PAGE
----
Civic Education is Needed, but not Always Available
ANCHORAGE, ALASKA--Political polarization and economic inequality dramatically affect civic education in the United States, speakers at the session, “Understanding and Promoting High Quality Civic Education,” said.
Diana Hess, senior vice president of the Spencer Foundation at the University of Wisconsin Madison, said the movement to the political extremes leaves very little in the middle. In fact, she said, only 35 of the 435 seats n the U.S. House of Representatives are competitive.
“Political polarization has caused young people to believe they can’t see their own voice in politics or the choices available to them are not the choices they want to have,” she said.
In addition, exposure to quality civic education often is based on a family’s income or ethnicity, according to Hess. That translates into participation in the political system.
“The more income you have, the more likely you are to have your voice heard by politicians,” said Hess. “Money talks and one of the things that has caused is a really dramatic difference in who participates politically.
“If people are politically participating based on income and education, that means the interests of some people are going to be heard more than the interests of other people.”
Civic participation begins at an early age, and speakers said young people must get continuous education to understand government and politics. Walter Parker, a professor of education and political science at the University of Washington, said states must improve the quality and equality of its high school government courses.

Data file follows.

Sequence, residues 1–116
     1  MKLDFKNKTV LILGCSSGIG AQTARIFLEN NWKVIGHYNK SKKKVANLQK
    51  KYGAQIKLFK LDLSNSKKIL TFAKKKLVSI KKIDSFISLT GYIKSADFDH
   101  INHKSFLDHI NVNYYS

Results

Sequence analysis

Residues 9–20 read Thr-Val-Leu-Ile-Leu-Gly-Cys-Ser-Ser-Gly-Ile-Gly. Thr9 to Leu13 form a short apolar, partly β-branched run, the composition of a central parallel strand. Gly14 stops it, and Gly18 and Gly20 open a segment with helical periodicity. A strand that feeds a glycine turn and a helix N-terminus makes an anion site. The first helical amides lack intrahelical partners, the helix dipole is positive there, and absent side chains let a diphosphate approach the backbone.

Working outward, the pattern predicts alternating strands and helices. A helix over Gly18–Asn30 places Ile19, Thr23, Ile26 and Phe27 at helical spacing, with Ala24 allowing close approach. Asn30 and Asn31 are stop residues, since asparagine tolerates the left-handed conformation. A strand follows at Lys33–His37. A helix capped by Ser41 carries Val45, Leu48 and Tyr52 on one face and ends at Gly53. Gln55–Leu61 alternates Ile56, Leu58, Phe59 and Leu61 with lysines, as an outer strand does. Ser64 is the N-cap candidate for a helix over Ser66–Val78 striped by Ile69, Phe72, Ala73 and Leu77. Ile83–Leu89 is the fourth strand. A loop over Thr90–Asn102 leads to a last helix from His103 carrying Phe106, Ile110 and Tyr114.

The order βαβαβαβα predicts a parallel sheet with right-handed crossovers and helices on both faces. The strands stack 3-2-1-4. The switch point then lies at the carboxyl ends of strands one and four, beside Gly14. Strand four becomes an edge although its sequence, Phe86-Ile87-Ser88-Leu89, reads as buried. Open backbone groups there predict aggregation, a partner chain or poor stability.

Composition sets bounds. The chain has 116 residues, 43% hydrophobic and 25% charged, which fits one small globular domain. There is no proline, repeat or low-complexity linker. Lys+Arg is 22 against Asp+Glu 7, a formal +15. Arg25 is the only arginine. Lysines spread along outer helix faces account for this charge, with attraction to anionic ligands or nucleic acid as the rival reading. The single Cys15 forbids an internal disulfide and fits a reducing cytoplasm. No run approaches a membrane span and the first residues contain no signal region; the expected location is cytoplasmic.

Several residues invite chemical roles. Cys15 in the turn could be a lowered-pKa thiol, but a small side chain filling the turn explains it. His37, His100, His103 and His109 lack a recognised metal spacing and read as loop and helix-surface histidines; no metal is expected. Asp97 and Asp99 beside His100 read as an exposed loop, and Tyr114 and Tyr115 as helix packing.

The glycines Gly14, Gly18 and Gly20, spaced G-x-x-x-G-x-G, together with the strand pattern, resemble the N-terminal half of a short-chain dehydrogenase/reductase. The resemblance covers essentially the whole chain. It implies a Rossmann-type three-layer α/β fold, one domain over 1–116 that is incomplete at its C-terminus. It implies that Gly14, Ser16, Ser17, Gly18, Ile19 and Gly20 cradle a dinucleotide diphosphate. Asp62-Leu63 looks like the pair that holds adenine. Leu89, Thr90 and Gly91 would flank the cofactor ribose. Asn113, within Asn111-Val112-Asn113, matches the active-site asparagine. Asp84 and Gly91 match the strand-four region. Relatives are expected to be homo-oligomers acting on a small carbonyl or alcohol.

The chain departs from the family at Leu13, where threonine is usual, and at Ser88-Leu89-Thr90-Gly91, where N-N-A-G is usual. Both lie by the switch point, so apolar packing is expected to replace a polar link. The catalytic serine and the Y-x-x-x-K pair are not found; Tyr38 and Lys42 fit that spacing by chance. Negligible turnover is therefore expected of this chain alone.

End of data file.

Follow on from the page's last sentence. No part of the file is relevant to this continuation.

“In current parlance, this means excellence and equity,” he said. “Excellence referring to quality of curriculum and equity to who has access to quality.”
He said programs should apply three design principles for quality—depth of information, project-based learning and looping, or revisiting the information several times.
The Classroom Law Project of Oregon is one example of a program that follows those principles. Marilyn Cover, founder and executive director, said the program offers professional development for teachers on best practices for getting students involved. She founded the nonprofit organization because she believes civic education is necessary for the country.
“We need to support civic education in our public in our schools and if we don’t, our democracy will suffer,” she said.
Ted McConnell, executive director for the Campaign for the Civic Mission of Schools, cited statistics about the lack of state requirements for civic education. He implored policymakers in the session to take action.
“We need your help,” said Ted McConnell, executive director for the Campaign for the Civic Mission of Schools. “There is a wealth of research materials, best practice models and programs available to help each state. Please join with us for the health and future of our republic.”